Danger, Will Robinson
As famous Canadian astronaut Chris Hadfield demonstrated with his extraterrestrial sob session, fluids behave strangely in space.
And while microgravity makes for a great viral video, it also has terrifying medical implications that we absolutely need to sort out before we send people into space for the months or years necessary for deep space exploration.
Specifically, research published Thursday In the New England Journal of Medicine demonstrated that our brains undergo lasting changes after we spend enough time in space. According to the study, cerebrospinal fluid — which normally cushions our brain and spinal cord — behaves differently in zero gravity, causing it to pool around and squish our brains.
The brains of the Russian cosmonauts who were studied in the experiment mostly bounced back upon returning to Earth.
But even seven months later, some abnormalities remained. According to National Geographic, the researchers suspect that high pressure inside the cosmonauts’ skulls may have squeezed extra water into brain cells which later drained out en masse.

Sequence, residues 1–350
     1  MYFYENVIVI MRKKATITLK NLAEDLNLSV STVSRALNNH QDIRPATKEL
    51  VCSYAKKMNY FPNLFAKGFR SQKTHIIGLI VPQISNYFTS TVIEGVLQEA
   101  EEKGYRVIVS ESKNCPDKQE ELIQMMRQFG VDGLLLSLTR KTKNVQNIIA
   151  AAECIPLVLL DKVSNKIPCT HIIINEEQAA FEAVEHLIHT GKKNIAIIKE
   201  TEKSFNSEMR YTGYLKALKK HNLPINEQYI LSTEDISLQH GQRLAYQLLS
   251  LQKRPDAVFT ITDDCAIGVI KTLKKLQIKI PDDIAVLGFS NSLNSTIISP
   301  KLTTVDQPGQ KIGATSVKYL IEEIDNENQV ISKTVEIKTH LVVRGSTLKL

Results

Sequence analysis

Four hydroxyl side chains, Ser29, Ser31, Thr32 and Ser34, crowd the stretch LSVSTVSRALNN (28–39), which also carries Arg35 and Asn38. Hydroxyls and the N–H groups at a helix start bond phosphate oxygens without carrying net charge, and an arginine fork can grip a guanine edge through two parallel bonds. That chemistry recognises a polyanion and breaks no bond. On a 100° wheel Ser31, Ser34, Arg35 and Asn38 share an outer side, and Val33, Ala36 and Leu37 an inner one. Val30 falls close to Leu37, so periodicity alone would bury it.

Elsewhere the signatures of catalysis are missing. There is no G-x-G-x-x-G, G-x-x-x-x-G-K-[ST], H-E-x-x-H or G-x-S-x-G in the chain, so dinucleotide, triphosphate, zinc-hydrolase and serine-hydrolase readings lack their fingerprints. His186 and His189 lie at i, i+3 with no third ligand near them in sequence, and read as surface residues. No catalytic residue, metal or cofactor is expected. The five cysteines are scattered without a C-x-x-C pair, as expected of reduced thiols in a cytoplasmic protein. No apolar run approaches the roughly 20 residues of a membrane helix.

So far, scientists don’t know whether or not this brain shrinkage is related to any sort of cognitive or other neurological symptoms — it might just be a weird quirk of microgravity.
But along with other space hazards like deadly radiation and squished eyeballs, it’s clear that we have a plethora of medical questions to answer before we set out to explore the stars.
READ MORE: Cosmonaut brains show space travel causes lasting changes [National Geographic]
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